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The more things change...

Lead Summary
Steve Roush-

Ladies and gentlemen, the great trouble with the present period is that people have lost their poise.

And the younger the person, the more devastating has been that loss.

So many people’s minds are entirely out of focus – everything they see is shadowy, blurred. Foundations are cracked and critically insecure. They have no aim, no ambition; they wander in a maze of doubt, of confusion, of fear, of distracting cults and “isms.”

They have been told they are in the midst of a new order of things, that their behavior, their simple duties, their obligations, their old-time ethics and their spiritual traditions are all outworn and must be scrapped. They have been half-convinced of the “truth” of this sophistry, and have intermittently tried to follow them.

But instead of bringing them the promised happiness, this “new freedom” has left them more bewildered and deeper than ever in the slough of despond.

The trouble is that in all the chaos, the fundamental concepts of life have escaped them, which, in spite of their modern twists and distortions, remain essentially the same as they were at the beginning of civilization. Life remains the same journey through a land with more thorns than roses, with more stony roads than macadam, with more uphill than easy going.

These life truths and axioms are as old as they are ineluctable; they are as eternal as the universe. In the confusion of the last several years, these fundamentals have been lost sight of, but they are as potent today as they have been since time began. And they must be reckoned with before life can again go on with its minimum of misery and its maximum of tolerance.

Many of our people are on the side of the road; they must retrace their steps to the point where they left the highway that leads with the least friction through life. But not all will take the trouble to retrace their steps – they have lost heart in aimlessly wandering in search of life’s fabled utopia.

Get this: Life is a test for something worthwhile; it is not a test that can be easily passed. The test is aimed to try out the mettle you’re made of; you can’t “soldier” through; you can’t “lay down” on your job and come in with the winners.

Are we a nation of quitters? Have we become a what’s-the-use people? Snap out of it – you have been following false gods and mackerel trails.

It’s about time to wake up. Haven’t you had enough of this new life philosophy? This modern froth and foam? It isn’t progress…

Ladies and gentlemen, I didn’t write any of the aforementioned words – well, except for the opening “Ladies and gentlemen” part.

These words were penned by a relative of mine, Dr. Sigel Roush, and were printed in a newspaper opinion piece on Wednesday, May 31, 1933 – more than 80 years ago.

For a bit of history, Dr. Sigel Roush was the fifth child of George and Elizabeth Tedrick Roush, and was born on Saturday, April 5, 1862 in Highland County on a farm near Russell.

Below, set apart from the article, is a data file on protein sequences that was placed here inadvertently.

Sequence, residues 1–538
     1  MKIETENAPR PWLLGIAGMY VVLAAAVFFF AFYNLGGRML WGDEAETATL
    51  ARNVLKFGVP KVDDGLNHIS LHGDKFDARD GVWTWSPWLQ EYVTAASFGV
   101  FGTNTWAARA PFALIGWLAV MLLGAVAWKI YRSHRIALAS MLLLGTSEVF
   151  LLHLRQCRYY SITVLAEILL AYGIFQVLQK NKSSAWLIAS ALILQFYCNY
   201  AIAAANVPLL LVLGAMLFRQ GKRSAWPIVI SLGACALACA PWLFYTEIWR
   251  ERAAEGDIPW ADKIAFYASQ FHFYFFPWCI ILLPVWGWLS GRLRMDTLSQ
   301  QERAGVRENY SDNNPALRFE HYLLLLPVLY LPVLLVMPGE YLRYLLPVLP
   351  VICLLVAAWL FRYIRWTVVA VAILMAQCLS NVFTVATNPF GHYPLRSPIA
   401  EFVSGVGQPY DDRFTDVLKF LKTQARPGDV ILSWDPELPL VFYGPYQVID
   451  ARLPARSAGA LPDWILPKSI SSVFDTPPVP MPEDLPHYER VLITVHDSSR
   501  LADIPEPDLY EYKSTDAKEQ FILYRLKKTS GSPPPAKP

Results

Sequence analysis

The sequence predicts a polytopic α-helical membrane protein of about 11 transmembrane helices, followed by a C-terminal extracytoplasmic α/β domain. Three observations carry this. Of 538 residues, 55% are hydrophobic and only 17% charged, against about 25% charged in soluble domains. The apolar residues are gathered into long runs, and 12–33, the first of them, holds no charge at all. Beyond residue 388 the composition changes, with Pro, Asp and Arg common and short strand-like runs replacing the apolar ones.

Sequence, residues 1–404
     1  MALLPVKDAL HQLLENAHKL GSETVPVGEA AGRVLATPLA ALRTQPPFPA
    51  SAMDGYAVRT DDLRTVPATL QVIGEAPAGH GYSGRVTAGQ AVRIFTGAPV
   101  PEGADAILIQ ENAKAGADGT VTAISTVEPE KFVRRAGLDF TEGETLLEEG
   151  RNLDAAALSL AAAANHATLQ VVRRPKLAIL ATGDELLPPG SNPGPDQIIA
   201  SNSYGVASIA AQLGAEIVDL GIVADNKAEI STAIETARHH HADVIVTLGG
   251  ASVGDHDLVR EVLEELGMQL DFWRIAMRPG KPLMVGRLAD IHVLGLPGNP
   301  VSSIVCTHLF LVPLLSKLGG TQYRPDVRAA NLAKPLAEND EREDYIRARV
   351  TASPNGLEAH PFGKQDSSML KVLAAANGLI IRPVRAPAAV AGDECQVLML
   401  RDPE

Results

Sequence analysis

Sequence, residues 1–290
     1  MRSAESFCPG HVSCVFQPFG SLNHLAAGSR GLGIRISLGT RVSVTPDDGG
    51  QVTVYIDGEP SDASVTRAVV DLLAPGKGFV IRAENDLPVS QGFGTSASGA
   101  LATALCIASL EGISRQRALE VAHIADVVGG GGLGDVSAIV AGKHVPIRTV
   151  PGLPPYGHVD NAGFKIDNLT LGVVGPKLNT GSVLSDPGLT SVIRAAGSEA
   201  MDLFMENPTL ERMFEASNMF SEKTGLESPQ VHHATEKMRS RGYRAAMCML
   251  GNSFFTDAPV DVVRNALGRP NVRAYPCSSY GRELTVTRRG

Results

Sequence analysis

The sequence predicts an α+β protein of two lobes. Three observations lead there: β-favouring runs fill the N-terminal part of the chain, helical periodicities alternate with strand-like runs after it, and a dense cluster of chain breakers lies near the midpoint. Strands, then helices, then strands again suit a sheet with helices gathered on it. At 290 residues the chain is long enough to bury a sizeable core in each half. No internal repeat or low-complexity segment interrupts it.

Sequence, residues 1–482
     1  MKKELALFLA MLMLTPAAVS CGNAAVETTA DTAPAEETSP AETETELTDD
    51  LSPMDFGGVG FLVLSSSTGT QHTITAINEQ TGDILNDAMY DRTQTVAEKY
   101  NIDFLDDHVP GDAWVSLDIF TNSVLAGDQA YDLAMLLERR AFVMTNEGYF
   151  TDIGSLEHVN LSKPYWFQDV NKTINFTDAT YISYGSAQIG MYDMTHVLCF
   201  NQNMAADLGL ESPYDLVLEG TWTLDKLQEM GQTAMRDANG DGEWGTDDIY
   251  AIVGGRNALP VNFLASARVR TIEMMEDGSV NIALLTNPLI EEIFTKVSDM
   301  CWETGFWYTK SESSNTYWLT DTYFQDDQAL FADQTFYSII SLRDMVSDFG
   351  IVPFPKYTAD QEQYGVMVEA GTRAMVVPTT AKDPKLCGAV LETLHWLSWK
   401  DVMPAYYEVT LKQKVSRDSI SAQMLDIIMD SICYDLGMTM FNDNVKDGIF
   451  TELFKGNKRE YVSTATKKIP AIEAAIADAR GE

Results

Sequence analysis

His brother, Wesley T. Roush, the eldest child, was born on Saturday, Feb. 5, 1848. By the way, Wesley T.’s grandson was also named Wesley T. Roush.

That Wesley T. is my grandfather, and as many of you know, was the principal for many years at the old Washington School in Hillsboro. Speaking of Roushes named Wesley, my dad’s also named Wesley (though he goes by Ken), his son (and my brother) is named Eric Wesley, and Eric Wesley’s son is named Wesley Steven.

But back to Dr. Sigel Roush, who is not to be confused with the Dr. Sigel Roush who was my granddad’s brother.

Several of my uncles are doctors or dentists, but my great-great-great Uncle Sigel was a doctor and a dentist. Oh, and he was writer, lecturer, principal, and a delegate to the National Convention at Chicago that nominated Theodore Roosevelt as president.

He was also a world traveler, having visited “every country of the world” and many “out-of-the-way islands of the sea,” according to the 1928 book, “The Roush Family in America.”

Additionally, he was a regular newspaper columnist.

My Aunt Sally, who lives on the same property where my great-great-great Uncle Sigel last lived, recently gave me a scrapbook of columns that he had written. Actually, it was an old book on dentistry that Dr. Roush turned into a scrapbook by pasting the columns over the dental text.

Aunt Sally told me that Sigel’s sense of humor reminded her of me, and she thought I might enjoy reading his editorials.

I did.

I read his takes on the Great Depression, on a new leader in Germany named Adolf Hitler, on politics, and on life in general.

The thing I find amazing about his offerings is that the issues of so many years ago are often the same issues we face today.

Dr. Sigel Roush died on Wednesday, Dec. 15, 1954 at the age of 92 and is buried in the Barnes Cemetery near Fairview. My grandparents’ headstone is to the left of his and his wife’s headstone, and my great grandparents’ headstone is just to the left of my grandparents’.

He’s been gone for nearly six decades now, but many of the things he wrote so long ago go to show that the more things change, the more they stay the same. (Maybe I’ll share more of his perspectives that are nestled deep in the past in the future.)

Or, as Dr. Sigel Roush finished his Wednesday, May 31, 1933 offering, “Life’s problems are the same today as they were yesterday, its spiritual problems; and they will be the same tomorrow – and tomorrow – and tomorrow.

“Let us meet them honestly, squarely, conscientiously and – get this: Life is a test, not a pink tea.”

Steve Roush is a publisher and editor and a columnist and contributing writer for The Highland County Press.

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